Posted 23 November 2012 by Andrew Gardner
A couple of weeks ago we revisited one of our favourite West Sussex walks over Chanctonbury Hill. If you're staying in one of the local villages I'm sure you'll have discovered it by now - and if you're based in one of our lovely cottages in other parts of Sussex, it's easy to access as it's not far from the A24, the London to Worthing road. .
This time we took the path that winds up through glorious woods from the north side - it's a fair climb but not too long, and the footing is good. After about 15-20 minutes you reach the South Downs Way and a good view of the famous Chanctonbury Ring. This circle of beautiful trees is planted on the site of an iron age hill fort and although it's not the original, which was destroyed by the infamous storm of 1987, it's looking beautiful now with its autumn colours. Neolithic flint work and Bronze Age pottery have been found there and the site also contains some Roman remains - there was almost certainly a temple, with some other buildings that archaeologists haven't been able to identify.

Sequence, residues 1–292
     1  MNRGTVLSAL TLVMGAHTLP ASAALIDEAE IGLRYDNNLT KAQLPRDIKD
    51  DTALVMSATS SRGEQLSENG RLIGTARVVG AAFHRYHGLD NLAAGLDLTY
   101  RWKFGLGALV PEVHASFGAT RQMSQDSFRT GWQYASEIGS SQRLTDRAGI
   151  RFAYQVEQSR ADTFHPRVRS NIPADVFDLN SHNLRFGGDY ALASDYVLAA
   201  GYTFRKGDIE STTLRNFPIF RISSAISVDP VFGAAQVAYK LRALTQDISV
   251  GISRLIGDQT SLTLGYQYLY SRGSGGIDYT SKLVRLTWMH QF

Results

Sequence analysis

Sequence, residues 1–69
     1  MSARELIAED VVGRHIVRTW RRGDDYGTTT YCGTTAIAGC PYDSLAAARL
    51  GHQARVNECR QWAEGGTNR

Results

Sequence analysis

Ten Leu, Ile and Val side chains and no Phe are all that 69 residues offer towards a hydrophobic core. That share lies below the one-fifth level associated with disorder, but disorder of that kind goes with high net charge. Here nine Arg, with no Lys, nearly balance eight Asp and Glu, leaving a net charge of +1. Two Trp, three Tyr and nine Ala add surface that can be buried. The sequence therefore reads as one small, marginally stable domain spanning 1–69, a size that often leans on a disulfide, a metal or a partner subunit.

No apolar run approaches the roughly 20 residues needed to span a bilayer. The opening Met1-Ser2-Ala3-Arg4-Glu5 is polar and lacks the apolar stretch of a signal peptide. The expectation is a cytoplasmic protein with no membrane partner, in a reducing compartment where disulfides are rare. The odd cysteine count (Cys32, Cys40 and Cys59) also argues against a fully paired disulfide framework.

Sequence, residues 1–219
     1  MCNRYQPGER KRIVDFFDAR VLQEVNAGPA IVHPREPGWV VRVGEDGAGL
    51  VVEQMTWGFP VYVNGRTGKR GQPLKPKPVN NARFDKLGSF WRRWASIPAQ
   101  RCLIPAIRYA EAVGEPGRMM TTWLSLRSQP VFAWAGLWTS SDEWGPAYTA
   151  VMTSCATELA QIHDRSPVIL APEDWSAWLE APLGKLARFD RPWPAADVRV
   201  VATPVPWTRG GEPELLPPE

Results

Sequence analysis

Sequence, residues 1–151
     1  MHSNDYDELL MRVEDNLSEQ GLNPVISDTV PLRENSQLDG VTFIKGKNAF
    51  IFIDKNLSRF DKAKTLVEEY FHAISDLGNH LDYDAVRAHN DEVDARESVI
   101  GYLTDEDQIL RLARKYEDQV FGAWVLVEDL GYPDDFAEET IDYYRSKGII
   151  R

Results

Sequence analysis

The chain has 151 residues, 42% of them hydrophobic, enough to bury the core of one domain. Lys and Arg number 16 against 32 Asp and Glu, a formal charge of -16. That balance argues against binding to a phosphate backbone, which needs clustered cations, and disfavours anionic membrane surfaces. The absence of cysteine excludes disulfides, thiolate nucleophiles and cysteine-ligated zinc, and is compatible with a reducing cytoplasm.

Naturally there are local legends surrounding Chanctonbury Ring, inevitably involving the devil: some say the hill was created by earth from the devil's spade when he dug out the Devil's Dyke, others that you can invoke him by running round in various directions at various times of day or night and he'll offer you a bowl of porridge, which you definitely shouldn't accept. Now, is it just me or is someone getting confused with the Three Bears here?
Anyway, back to the walk: we headed east towards Bramber, enjoying the stunning views to sea and inland, joined the Monarch's Way for a while then retraced our steps on that part and looped back along the base of the hill. It took just under three hours, with a stop of about 15 minutes en route, and if you're reasonably fit it's easy, pretty walking. For an easier option, or a picnic with the family, a stroll around the ring itself is rewarding and there's plenty of space for kids to run around.